U.S. January inflation : A painful reality check
Head of Macroeconomic Research
Summary: U.S. January consumer price index (CPI) is higher than expected, at 7.5 % year-over-year versus expected 7.3 % and prior 7.0%. Inflation is now broad-based. This is a painful reality check for the transitory camp. Inflation is not only caused by used cars - the usual excuse of sell-side analysts. A large part of inflation is structural, in our view. It will take much more than a 50bps interest hike by the U.S. Federal Reserve (Fed) to push inflation downward. Expect the rate-hike cycle to be very aggressive in the short term. We would not want to be in Jerome Powell’s shoes now.
Driving forces : On a year-over-year basis, the main factors driving inflation higher are unchanged : used cars (+40.5 %), gasoline (+40.0%), gas utilities (+23.9%), meat/fish/eggs (+12 ;2 %), new cars (+12.2 %) and electricity (+10.7 %). Excluding volatile components (such as energy), inflation remains uncomfortably high at 6 % year-over-year versus prior 5.5 %. This shows a large chunk of inflation is not transitory but structural (wage-price spiral and supply chains bottlenecks, for instance). Supply chain disruptions are likely to last longer than forecasted. The line of ships waiting to enter the Los Angeles and Long Beach port complex remains elevated. They collectively account for roughly 40 % of United States-bound import volumes. According to Sea Intelligence, the punctuality of containerships, which is an indicator to measure port congestion, stands at 12 % (against 23 % in Europe, for comparison). Bottlenecks might only ease when new containerships arrive in the market, from 2023 onwards. This means that global cost transportation will remain a headache for businesses all this year again. U.S. home prices are another concern, in our view. Shelter inflation is exploding. Homeownership is the least affordable since 2008. Based on data from the Atlanta Fed, the median American household now needs a third of its income to cover mortgage payments on median-priced homes. This might fuel social discontent and populism going into the next election.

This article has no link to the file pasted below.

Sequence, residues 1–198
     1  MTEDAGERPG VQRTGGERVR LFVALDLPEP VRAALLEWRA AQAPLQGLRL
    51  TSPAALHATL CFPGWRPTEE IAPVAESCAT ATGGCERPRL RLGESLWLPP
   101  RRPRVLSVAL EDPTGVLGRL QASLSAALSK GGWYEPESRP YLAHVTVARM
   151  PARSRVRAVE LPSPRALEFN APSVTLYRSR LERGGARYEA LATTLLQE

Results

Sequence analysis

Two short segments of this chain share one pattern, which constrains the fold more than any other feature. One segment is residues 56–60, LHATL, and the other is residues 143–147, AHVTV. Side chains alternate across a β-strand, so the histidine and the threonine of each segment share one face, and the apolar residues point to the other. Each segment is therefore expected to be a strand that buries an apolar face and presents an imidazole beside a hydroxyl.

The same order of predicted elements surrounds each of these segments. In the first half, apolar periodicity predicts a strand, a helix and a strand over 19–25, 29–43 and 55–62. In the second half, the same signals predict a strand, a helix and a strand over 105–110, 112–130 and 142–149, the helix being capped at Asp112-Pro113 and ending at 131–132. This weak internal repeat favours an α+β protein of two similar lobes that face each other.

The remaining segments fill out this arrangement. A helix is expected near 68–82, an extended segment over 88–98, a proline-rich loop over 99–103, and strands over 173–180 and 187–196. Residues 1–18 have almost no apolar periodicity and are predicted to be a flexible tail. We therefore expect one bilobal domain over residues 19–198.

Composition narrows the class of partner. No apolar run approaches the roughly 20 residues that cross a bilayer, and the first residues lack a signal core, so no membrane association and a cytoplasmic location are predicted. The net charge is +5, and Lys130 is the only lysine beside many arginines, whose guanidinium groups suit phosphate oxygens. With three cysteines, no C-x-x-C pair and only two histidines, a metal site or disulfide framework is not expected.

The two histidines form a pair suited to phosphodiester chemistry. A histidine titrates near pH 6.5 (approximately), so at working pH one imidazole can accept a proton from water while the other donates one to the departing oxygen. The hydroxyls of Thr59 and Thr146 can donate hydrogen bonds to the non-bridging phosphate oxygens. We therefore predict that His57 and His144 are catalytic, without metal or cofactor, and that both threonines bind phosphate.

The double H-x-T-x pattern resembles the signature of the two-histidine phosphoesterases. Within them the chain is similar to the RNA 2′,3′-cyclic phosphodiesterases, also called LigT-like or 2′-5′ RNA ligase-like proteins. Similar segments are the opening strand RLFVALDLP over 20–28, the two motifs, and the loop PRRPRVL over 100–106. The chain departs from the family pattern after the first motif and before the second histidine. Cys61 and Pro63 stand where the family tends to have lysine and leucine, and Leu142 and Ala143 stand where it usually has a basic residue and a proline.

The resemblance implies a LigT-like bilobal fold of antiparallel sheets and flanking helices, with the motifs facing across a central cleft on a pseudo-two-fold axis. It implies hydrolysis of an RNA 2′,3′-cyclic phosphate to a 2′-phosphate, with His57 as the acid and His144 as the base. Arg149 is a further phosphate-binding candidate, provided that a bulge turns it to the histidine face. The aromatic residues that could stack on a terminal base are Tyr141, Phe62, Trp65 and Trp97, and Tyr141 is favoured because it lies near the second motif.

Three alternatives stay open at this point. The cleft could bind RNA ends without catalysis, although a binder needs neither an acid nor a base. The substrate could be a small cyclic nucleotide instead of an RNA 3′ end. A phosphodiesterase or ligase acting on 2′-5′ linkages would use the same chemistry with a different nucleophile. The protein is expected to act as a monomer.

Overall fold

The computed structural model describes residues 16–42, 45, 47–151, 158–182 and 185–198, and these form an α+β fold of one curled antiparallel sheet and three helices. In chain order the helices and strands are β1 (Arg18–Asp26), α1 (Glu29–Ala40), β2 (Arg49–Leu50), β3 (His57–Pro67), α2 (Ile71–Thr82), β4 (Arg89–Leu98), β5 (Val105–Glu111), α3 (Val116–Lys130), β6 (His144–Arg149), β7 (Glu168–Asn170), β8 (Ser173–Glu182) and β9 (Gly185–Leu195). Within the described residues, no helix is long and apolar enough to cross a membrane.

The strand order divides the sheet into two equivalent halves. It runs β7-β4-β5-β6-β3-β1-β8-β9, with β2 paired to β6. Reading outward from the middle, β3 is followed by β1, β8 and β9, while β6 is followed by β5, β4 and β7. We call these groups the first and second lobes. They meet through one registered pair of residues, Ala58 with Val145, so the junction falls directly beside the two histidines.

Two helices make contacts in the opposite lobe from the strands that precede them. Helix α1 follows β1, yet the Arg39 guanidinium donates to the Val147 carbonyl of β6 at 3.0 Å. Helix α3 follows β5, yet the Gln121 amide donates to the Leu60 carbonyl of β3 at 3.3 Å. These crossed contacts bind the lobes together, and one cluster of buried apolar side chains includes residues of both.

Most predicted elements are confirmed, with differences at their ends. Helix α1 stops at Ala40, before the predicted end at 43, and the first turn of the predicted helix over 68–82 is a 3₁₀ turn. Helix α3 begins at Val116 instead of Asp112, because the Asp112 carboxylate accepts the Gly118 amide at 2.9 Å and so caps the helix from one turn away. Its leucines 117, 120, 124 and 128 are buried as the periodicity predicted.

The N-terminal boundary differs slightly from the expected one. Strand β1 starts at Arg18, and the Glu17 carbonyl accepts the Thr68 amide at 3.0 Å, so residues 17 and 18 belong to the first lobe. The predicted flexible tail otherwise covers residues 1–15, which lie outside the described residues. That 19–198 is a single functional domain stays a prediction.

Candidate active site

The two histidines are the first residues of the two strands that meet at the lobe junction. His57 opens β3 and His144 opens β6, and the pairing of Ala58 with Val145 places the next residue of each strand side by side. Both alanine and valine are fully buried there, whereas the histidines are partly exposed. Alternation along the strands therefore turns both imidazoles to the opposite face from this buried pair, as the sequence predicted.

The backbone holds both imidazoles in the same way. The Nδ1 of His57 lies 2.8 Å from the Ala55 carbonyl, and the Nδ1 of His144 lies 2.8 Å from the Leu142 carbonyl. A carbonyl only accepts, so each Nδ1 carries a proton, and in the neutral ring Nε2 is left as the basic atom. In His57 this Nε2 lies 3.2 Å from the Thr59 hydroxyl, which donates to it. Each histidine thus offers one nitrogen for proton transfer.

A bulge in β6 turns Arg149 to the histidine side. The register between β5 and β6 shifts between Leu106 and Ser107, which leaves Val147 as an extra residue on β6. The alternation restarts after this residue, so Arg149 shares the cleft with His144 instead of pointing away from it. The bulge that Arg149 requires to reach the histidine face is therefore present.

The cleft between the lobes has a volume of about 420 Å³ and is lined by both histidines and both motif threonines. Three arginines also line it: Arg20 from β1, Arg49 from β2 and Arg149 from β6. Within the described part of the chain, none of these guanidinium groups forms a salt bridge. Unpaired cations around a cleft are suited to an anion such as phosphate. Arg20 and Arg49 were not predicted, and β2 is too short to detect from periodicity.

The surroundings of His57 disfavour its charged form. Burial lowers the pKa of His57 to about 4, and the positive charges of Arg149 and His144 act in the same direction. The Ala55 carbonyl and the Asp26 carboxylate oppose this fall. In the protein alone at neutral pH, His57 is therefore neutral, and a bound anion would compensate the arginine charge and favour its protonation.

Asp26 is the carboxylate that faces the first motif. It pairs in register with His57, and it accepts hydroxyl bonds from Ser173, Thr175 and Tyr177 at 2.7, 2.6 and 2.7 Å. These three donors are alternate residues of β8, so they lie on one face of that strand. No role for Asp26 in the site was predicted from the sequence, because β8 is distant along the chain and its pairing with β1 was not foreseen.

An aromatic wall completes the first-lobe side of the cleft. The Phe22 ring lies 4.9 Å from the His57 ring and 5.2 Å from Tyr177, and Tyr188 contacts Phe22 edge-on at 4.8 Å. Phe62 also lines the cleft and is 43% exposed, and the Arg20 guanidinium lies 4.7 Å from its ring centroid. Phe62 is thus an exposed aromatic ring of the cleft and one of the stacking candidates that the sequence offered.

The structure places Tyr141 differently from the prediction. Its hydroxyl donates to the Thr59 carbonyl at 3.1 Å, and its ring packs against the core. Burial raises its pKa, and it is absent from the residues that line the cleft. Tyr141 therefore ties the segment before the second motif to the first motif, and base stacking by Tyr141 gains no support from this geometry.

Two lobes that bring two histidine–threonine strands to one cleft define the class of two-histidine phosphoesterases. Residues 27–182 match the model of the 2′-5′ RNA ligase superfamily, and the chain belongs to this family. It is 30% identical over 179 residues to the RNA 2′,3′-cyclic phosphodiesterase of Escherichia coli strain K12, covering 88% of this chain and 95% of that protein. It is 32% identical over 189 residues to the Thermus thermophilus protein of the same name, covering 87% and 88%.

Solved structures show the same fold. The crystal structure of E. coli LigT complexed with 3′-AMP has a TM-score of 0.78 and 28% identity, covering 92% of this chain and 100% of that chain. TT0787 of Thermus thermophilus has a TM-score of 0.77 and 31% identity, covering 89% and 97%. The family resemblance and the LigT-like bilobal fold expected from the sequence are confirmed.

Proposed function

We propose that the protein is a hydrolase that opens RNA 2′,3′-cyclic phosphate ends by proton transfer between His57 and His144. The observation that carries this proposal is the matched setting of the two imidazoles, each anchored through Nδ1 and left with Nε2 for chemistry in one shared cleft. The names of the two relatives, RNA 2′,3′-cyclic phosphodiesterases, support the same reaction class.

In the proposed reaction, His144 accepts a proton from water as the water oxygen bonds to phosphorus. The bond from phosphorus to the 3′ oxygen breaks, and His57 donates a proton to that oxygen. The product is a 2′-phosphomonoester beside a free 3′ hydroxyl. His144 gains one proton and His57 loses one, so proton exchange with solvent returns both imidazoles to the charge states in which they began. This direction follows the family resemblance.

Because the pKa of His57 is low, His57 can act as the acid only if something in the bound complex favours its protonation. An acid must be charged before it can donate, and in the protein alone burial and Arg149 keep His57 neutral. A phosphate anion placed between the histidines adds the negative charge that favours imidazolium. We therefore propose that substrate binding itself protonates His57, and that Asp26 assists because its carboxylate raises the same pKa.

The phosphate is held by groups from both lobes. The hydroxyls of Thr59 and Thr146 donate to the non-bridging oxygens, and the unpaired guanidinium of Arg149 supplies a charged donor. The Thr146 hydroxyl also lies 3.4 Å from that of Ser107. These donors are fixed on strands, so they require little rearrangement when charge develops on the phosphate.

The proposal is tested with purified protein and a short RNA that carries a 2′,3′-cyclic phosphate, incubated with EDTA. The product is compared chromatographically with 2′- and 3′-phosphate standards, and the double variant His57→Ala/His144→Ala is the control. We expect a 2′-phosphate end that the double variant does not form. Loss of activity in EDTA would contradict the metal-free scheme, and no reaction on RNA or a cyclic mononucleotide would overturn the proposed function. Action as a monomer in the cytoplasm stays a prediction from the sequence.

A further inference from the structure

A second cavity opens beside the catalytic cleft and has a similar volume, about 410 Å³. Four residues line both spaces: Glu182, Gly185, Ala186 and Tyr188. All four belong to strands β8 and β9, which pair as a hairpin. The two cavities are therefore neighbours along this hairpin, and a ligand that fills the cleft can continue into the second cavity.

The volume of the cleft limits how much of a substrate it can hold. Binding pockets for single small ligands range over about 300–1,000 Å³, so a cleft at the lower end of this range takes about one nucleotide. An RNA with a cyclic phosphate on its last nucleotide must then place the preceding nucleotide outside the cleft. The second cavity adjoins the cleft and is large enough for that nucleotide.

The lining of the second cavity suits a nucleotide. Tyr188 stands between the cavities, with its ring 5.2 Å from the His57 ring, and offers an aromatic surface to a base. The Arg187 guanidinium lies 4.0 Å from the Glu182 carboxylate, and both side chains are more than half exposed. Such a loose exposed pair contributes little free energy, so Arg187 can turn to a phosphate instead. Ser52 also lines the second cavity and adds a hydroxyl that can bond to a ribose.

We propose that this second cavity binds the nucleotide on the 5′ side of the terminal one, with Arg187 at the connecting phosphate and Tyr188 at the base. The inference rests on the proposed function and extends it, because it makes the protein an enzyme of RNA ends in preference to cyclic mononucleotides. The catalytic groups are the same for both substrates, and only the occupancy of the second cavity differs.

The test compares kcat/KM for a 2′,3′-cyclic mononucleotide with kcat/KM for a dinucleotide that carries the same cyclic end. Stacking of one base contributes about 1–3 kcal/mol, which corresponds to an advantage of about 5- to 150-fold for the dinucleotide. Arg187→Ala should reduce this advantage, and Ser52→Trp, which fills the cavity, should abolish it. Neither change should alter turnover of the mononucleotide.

Inflation warning for U.S. consumers : Persistent high inflation is erasing wage increases, especially for the lowest quintile income. This will slowdown GDP growth. There are already early signs that inflation is hitting the purchasing power and consumption. U.S. December retail sales disappointed (minus 1.9 % versus expected minus 0.1 %). The drop is partially explained by the Omicron wave but also by less buying due to high prices. The control group – which is used for GDP calculation purposes – came well below the estimate of 0.1%, at minus 3.1%. We agree one data point does not make a trend. But if January retail sales are out down again next week (release on 16 February), it will be time to start worrying about the strength of the U.S. consumer and to revise downward GDP forecasts for 2022.
What to expect ? U.S. rate futures now see a 50 % chance of a 50 basis points interest rate hike in March, from 30 % before the CPI release. If the probability rises in the coming weeks well above 50 basis points, it will be complicated for the Fed not to deliver. Expect next week’s release of the January producing price index (PPI) to constitute another strong incentive to act fast and strong at the March FOMC meeting. The likelihood inflationary pressures ease in the short term is low. We expect CPI to climb to 8 % in February or in March. The Fed has certainly been too complacent regarding the evolution of inflation. It cannot wait any longer to contain it. If the Fed does not meet expectations, the immediate risk is to cause a quicker tightening in financial conditions. This would be a nightmare for the Fed. The market currently forecasts that the Fed will tighten more than the Bank of England (BoE) from now to September. Until now, the BoE was considered as the most aggressive central bank from developed markets. The adjustment to a world without quantitative easing and low nominal interest rates will be painful for the U.S. bond market in the coming weeks and months. The new normal means more volatility and higher cost of financing. Not all the market participants are ready for that.
We plotted on the above chart U.S. CPI, ISM manufacturing prices index and a gauge for commodity prices produced by the Hamburg Institute of International Economics. Despite the recent easing in the ISM manufacturing prices index, there are several other factors pushing inflation higher. Commodity prices are one of them. This is explained both by high demand (conjunctural) and by the lack of investment in fossil energy infrastructures before the pandemic (structural). Other factors pushing U.S. inflation above the rooftop are wage-price spiral and home prices, for instance.
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